England: autism not linked to antenatal fish consumption

07 September 2018

Eating fish during pregnancy does not increase the likelihood of a child having autism, scientists have found.

Almost 4500 women took part in the Children of the 90s study, hosted by the University of Bristol, to test the assumption that eating fish, which contain mercury, is a major cause of autism.

Scientists analysed blood samples and reported fish consumption, compiled scores for the major autistic traits and compared data with pregnancies resulting in children diagnosed with autism. They found no links between levels of mercury in the mothers and autistic traits in their children.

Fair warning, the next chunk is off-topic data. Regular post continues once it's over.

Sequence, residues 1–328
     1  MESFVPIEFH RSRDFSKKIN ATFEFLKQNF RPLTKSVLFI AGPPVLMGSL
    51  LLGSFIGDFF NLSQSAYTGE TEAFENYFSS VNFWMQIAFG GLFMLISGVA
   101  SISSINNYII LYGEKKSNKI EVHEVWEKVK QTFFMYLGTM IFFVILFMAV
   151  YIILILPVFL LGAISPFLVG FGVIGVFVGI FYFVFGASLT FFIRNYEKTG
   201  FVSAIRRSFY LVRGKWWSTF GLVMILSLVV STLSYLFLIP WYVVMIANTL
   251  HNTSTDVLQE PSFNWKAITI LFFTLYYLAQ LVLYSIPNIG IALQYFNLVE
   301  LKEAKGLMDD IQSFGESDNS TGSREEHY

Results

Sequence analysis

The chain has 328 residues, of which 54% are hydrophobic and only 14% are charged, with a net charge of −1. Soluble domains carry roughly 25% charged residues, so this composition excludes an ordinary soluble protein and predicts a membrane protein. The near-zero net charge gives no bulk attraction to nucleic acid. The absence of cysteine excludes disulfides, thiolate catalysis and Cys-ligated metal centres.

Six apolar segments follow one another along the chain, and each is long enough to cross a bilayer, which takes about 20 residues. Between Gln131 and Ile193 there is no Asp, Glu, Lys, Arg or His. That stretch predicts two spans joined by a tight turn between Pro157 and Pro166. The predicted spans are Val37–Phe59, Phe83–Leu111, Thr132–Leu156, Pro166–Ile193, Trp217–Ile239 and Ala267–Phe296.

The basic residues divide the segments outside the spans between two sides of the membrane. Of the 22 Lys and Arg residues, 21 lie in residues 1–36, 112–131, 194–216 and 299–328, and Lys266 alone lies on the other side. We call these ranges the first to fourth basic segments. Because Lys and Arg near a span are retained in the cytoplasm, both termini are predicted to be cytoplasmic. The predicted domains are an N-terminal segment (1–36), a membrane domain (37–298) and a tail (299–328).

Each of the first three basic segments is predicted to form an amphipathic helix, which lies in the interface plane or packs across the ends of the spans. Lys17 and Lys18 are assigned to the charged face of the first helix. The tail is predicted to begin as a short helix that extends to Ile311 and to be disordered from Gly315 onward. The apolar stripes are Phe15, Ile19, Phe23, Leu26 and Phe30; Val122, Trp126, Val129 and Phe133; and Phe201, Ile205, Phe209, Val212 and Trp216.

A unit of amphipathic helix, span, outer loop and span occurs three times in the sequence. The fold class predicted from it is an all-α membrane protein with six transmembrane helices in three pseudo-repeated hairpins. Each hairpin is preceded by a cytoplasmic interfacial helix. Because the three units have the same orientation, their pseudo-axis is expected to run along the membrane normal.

But the research, published in Molecular Autism, did find poor social cognition, especially in girls, if mothers ate no fish at all.

Lead author Professor Jean Golding said: ‘Our findings further endorse the safety of eating fish during pregnancy.’

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